The focus of the Kay lab is to increase our understanding of the cell biology of macrophages and dendritic cells, important players in all innate immune responses, including those that occur within the oral environment. Our studies focus on the mechanisms of the maturation, and cross-talk with other cellular processes, of phagocytosis, as well as the interactions between macrophages/DCs and oral microorganisms and how such microorganisms can alter the phagocytic process and maturation. We rely on a variety of techniques, including flow cytometry, microscopy, biochemistry, microbiology and molecular biology. Increasing our understanding of macrophage/DC and oral microbe interactions will increase our ability to effectively prevent and treat oral infections and their effects on systemic diseases.

Michelle Visser, PhD

Assistant Professor, Department of Oral Biology

The oral cavity is a unique environment, with large numbers of bacteria present as a polymicrobial biofilm in close contact with host tissues including epithelial cells, connective cells and underlying immune cells. One group of bacteria associated with this biofilm are oral spirochetes, such as Treponema denticola. One area of research in my laboratory focuses on determining how T. denticola and other spirochetes remain “under the radar” to evade the normally protective neutrophil response and impair associated key cellular processes such as directed cell migration (chemotaxis) and actin dynamics.

Jill Kramer, DDS, PhD

Assistant Professor, Department of Oral Biology

Dr. Kramer focuses her research on autoimmune conditions affecting the oral cavity. Present Research Interests include Initiating events in the development of Sjogren's syndrome with emphasis on innate immune dysregulation; B cell dysfunction in Sjogren's syndrome; Identification and targeting of chemotactic factors that contribute to disease pathogenesis.

Chris Li, MD, PhD

Professor, Department of Oral Biology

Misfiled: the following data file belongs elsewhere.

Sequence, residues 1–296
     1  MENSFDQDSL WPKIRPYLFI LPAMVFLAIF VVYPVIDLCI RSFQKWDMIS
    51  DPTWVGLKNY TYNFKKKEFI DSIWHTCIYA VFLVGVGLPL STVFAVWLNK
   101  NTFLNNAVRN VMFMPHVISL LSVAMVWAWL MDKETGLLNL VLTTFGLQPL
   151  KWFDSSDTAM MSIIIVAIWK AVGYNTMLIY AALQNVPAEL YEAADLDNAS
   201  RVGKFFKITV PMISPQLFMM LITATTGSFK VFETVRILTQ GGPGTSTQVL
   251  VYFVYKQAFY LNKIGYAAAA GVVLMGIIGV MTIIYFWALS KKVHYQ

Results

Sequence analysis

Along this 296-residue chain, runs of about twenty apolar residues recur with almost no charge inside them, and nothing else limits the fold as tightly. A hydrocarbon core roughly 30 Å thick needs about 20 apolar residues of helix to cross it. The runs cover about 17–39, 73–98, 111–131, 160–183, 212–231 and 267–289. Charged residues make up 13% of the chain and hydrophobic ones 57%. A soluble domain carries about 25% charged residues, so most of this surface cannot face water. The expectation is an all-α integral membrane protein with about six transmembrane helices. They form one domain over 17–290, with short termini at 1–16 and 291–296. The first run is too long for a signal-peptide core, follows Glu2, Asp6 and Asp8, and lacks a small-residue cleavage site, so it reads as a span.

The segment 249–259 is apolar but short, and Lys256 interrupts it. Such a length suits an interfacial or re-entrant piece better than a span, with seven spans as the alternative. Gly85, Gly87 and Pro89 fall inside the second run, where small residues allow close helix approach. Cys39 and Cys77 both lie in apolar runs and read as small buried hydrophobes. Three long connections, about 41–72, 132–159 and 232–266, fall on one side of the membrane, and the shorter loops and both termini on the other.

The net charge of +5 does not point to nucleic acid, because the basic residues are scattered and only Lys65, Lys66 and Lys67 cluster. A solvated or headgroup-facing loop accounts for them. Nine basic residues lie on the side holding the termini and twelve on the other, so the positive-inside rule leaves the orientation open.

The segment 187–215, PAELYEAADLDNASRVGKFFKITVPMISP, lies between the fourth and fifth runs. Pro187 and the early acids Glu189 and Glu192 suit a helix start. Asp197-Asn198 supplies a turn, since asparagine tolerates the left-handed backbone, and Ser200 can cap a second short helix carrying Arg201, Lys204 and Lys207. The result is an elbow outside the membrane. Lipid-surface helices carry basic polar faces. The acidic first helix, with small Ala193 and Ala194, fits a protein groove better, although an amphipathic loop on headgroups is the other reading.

Bacterial genetics and Pathogenesis: My research is trying to understand the biology, genetics and pathogenesis of pathogenic spirochetes, including Borrelia burgdorferi (Lyme disease), oral Treponema denticola (periodontal infections), and Brachyspira species (swine dysentery and human diarrheal disease).

Abhiram Maddi, DDS, PhD

Assistant Professor, Department of Periodontics and Endodontics

Dr. Maddi's current research work involves the study of cell wall biogenesis in Candida albicans, an oral pathogenic fungus. He is interested in developing therapeutics to target the cell wall in Candida albicans to treat oral and systemic candidiasis.

Thomas Mang, PhD

Research Associate Professor, Oral and Maxillofacial Surgery

The research conducted in Dr Mang’s lab is focused on the application of Photonics in biological applications. Currently activities include; participating in clinical studies involving the investigation of Low Level Laser Therapy for the treatment of Orofacial pain; traumatic brain injury and effects on individual astrocytes in vitro; the use of Photodynamic Therapy (PDT) for the treatment of infectious microorganisms and biofilm and the application of PDT for the diagnosis and treatment in oral oncology. Other interests include the development of new laser devices and laser tissue interactions for diagnostic and surgical applications.

Willard D. McCall, Jr., PhD

Professor, Department of Oral Diagnostic Sciences

Research in this laboratory deals with neurophysiologic and bioengineering issues that impact on our understanding of jaw function and on the etiology, diagnosis, and treatment of temporomandibular disorders. Special emphasis is given to the trigeminal neuromuscular system.Research interests include: electromyographic (EMG) studies of normal subjects and TMD patients; electrical activity of trigger points; computer processing of electro-myographic data; bite force measurements; and computer modeling of TMJ loading.

Anne E. Meyer, PhD

Research Associate Professor, Department of Oral Diagnostic Sciences

Projects focus on interactions between biological systems and materials, in order to develop means to predict and control biological adhesion. Surface analytical techniques are applied to implants, biological fouling biomaterials, interfacial failure analysis, and contamination detection. The research addresses environmental, biomedical, and other industrial problems.In-vitro model systems include the use of parallel plate flow cells for control of fluid velocity, shear rate, and turbulence.